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Thursday, June 07, 2012

N Vietnam 2012 - Day 1, Part 2 - Hanoi: Archaeological Sites

"Everyone is as God has made him, and oftentimes a great deal worse." - Miguel de Cervantes

***

N Vietnam 2012
Day 1 - 24th May - Hanoi: Archaeological Sites
(Part 2)

Next, I headed for the Citadel.

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What have the French ever done for us?

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Flag Tower from the other side - some shack

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I'd no idea what this sign meant, but followed it into the citadel area.

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World Heritage plaque

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Car Park, and Vietnamese women wearing the traditional Ao Dai with Branded Bags

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Citadel Gate

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Flag Tower from Citadel

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I'd though only ang mohs wore the hat. Apparently not.

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Doan Mon Gate from front

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Chinese characters on Doan Mon Gate

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Some remains behand gate

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More remnants

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Colonial building

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Gate Tower

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View of Flag Tower

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I found myself concluding that as with many things in Vietnam, this was just a third rate knockoff of a Chinese original

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Apeing the Chinese continues today - note the man with his shirt pulled up

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Another gate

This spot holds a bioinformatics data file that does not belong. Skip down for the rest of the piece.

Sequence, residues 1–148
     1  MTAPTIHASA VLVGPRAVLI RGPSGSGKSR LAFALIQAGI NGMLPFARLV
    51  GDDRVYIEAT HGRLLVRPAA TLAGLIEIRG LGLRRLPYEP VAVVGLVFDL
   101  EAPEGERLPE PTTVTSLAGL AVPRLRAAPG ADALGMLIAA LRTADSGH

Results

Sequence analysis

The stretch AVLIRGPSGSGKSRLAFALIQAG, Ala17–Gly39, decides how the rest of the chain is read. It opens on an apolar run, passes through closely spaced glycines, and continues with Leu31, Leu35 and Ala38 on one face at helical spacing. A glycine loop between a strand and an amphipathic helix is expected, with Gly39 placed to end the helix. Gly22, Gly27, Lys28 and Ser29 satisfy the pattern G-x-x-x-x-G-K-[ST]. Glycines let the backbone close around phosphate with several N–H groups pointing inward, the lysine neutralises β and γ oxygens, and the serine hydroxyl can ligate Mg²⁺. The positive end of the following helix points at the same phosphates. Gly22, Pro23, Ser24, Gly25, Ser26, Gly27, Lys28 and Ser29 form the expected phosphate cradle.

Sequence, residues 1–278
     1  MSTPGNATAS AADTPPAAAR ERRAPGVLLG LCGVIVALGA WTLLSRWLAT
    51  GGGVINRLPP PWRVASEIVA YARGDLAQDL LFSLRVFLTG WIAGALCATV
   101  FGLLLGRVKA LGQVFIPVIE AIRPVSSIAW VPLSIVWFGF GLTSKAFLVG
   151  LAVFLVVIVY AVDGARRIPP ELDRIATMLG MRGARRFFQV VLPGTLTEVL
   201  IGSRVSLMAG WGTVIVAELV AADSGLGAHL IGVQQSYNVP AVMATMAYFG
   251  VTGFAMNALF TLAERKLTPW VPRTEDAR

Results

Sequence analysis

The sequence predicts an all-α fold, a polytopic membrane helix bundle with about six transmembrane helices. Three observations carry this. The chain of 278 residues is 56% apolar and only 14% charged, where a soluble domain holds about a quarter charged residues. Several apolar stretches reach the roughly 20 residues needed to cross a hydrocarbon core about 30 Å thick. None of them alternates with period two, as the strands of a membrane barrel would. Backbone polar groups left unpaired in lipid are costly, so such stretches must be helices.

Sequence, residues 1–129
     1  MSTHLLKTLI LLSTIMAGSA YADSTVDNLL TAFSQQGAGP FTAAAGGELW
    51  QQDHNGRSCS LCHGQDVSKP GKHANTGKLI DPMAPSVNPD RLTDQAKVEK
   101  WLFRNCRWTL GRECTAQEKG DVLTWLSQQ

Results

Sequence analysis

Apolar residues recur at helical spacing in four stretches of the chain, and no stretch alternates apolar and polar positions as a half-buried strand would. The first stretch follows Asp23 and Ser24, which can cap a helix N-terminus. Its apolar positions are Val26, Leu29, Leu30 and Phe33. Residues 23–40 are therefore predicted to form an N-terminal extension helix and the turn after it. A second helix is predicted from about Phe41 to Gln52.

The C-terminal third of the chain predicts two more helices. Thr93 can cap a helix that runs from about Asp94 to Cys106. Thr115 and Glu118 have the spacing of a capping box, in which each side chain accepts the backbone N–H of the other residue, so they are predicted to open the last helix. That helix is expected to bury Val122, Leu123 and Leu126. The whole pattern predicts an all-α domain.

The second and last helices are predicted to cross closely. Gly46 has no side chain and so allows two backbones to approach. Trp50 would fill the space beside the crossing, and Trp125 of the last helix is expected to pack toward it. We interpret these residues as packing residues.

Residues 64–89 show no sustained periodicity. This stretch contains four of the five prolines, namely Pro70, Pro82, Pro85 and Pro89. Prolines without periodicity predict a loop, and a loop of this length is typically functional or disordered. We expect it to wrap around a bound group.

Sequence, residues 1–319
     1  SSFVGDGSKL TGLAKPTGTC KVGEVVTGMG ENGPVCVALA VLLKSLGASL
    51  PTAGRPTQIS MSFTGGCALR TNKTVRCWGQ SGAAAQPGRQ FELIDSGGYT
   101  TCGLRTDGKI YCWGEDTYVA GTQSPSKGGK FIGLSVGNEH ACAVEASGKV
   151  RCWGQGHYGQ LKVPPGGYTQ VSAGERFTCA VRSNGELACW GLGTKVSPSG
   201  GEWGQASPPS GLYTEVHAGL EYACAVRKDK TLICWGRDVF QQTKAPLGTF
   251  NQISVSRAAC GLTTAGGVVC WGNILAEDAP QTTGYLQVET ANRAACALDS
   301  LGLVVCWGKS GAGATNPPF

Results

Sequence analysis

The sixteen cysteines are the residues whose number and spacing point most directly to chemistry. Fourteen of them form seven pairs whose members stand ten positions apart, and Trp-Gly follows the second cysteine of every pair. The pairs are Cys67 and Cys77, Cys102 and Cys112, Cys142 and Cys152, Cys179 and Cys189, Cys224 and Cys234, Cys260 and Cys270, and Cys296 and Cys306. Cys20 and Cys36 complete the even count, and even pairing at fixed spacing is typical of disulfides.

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Chinese Vietnamese Calligraphy

There was an exhibition on the city.

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"Hanoi municipality imposes Western norms on the use of urban space"
Frenchified English

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Bell. Again with no information in English.

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Another colonial building

Apparently this area also housed the UNESCO outpost.

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Dragon urn

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Exit way for compound

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Dragon steps

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Bonsai setup

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Vietnamese sign saying ???

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UNESCO Drum. I had no idea what its significance was

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More Bonsais

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Another exit avenue

I also saw the Di Tich Hau Lau (Hau Lau monument) but as with the Flag Tower it was barren. It also had no information in English.

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Sign only in Vietnamese

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"Di Tich Quoc Gia Dac Biet"
Site sign

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Another UNESCO sign: for Kinh Thien Palace Relic

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Rundown gate for compound

Next I checked out an archaeological site just across the road.

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Unfortunately, there didn't seem to be much beyond the foundations.

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Photos of the site (onsite?!)

Power to the site seemed to have been cut - I entered a room with some explanations but there was no lighting and the airconditioning was off.

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On the important discoveries

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Historical Periods

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Hypothesis about the Roof

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There was a "Photography Room"

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Unfortunately the "Photography Room" was empty...

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...except for a Chinese Vietnamese altar, which I photographed

There was an area with excavations, but they weren't impressive (at least this and the previous area with the gate and colonial buildings were free to enter).

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Morning communist ritual

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Some English on the sitel there was little information in Vietnamese and none in English except what I snapped

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Covered excavations

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Shards. It's like the place was burnt to the ground and only the foundations were left.

Technically photography was not allowed but the staff were few and indolent, and some Japanese or Koreans (I didn't note down which) who looked like businessmen were snapping away.

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"Thang Long Archaeological Site"


Vietnamese people weren't very friendly. They mostly looked indolent and didn't respond when I said hello (xin chào). Maybe it's better in winter.
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